What it means to be a U.S. citizen is under attack. Some are advocating for the right of non-citizens to vote in federal elections. Health care for all, including non-citizens, has been proposed. Open borders and the failure to enforce federal laws is the norm in many cities and states. This blurs what it means to be a citizen and leads to further polarization and partisanship.
Citizenship, along with democracy, has not been the norm throughout the course of history.
Ancient Greece introduced the modern city-state and the notion that the state would protect the rights of its citizens and their private property. It was more than 2,000 years later when our Founding Fathers laid the groundwork for one of today’s oldest modern democracies with the adoption of the U.S. Constitution and the Bill of Rights, providing our framework of government and specific protections of individual liberty and justice.
When the concept of citizenship is challenged, basic rights and liberty will be next on the chopping block. Both major political parties are guilty of using identity politics and tribalism to push their agendas. The effect is further erosion of the concept of citizenship and shared American values.
What can be done? One possibility is a renewed focus on civic education. Our schools are no longer adequately teaching history, including the story of sacrifice that is the story of America and the fight for freedom. We need to ensure that our citizens are adequately equipped to understand the importance of citizenship, and we need a shared and common understanding of civic virtue and what it means to be an American citizen.
All (or certainly most) Americans should be able to pass the test we ask immigrants to pass to become citizens. What is the “rule of law”? Who is in charge of the executive branch? We elect a U.S. representative for how many years? The House of Representatives has how many voting members? What do we call the first 10 amendments to the Constitution? When was the Constitution written? These are some of the questions that appeared on the Civics Practice Test I took on the U.S. Citizenship and Immigration Services website (you can find it at uscis.gov).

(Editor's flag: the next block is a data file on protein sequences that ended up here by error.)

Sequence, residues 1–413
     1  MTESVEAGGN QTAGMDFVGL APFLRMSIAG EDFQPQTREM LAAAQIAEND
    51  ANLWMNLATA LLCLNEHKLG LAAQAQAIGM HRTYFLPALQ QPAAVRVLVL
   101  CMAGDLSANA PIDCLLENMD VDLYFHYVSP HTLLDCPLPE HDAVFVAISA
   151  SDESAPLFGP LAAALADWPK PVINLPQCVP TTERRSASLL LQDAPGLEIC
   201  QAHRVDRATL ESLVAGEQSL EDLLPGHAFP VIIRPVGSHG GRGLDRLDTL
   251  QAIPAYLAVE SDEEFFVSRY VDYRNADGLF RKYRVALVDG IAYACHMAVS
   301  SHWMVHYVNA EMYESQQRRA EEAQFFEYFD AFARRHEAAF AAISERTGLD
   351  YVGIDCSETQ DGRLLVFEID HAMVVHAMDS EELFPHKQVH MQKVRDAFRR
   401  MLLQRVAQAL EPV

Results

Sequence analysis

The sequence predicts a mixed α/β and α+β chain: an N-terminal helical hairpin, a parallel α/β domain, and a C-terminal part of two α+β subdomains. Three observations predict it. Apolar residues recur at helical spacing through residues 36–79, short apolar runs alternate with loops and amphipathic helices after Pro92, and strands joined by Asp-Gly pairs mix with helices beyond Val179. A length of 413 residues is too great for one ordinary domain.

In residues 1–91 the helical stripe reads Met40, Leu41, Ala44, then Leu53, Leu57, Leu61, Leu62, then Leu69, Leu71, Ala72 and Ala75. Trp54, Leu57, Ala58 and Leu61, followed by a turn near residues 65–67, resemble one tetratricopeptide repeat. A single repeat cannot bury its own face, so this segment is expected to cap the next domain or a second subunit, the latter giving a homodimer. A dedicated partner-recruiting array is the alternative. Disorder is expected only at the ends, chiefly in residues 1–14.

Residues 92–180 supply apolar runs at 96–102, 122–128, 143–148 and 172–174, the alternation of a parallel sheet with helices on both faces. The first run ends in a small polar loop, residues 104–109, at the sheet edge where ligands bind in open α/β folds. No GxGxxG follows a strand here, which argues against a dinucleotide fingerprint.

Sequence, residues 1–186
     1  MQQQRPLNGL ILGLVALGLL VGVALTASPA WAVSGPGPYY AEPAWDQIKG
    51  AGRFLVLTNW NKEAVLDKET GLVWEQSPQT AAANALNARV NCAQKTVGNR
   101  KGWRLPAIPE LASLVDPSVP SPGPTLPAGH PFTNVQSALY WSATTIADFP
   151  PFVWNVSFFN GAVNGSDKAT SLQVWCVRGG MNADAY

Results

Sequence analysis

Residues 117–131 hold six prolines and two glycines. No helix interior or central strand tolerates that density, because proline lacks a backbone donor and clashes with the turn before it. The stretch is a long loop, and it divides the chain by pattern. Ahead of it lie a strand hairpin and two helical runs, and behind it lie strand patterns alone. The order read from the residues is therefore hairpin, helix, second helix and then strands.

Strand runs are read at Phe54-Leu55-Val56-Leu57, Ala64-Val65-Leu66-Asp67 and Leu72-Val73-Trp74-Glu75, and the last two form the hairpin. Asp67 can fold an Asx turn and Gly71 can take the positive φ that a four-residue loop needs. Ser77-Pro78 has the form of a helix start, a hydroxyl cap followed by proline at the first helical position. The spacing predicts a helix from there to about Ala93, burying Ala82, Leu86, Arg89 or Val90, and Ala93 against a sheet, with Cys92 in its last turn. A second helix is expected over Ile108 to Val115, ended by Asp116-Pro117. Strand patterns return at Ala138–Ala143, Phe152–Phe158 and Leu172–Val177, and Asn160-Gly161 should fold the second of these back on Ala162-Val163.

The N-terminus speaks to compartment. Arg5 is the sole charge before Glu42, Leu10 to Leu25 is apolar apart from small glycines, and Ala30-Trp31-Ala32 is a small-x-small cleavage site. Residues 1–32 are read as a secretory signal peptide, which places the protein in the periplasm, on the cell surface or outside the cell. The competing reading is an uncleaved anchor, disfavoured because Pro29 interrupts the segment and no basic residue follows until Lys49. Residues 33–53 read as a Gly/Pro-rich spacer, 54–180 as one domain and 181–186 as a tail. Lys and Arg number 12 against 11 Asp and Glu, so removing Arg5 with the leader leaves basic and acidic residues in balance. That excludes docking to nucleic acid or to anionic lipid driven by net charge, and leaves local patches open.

The failure of Americans to know and appreciate our history, our governmental structure and our individual rights has led Chief Justice John Roberts to recently lament that Americans “have come to take democracy for granted, and civic education has fallen by the wayside.”
Roberts stated: “In our age, when social media can instantly spread rumor and false information on a grand scale, the public’s need to understand our government, and the protections it provides, is ever more vital.”
Over the past several decades, our schools have prioritized English, science and math at the expense of basic civics education. As a result, our citizens are less equipped for our democracy. According to one study, only 30% of millennials consider living in a democracy “essential,” as compared to 72% of Americans born before World War II.
We should require our schools to provide more civic education at all grade levels, including state-funded universities. Efforts such as those by Purdue President Mitch Daniels to ensure that all graduates have a strong grasp of U.S civics must gain traction throughout Indiana and the country.
The recently formed Indiana Citizen Education Foundation, which is focused on increasing the number of engaged and informed voters, is promising. The bottom line is that the teaching of history, civics and the importance of individual liberty to human flourishing is our best hope of ensuring our republic endures for generations to come.•
Feltman, an attorney and former secretary of commerce, is a shareholder in IBJ Corp. To comment, send email to [email protected]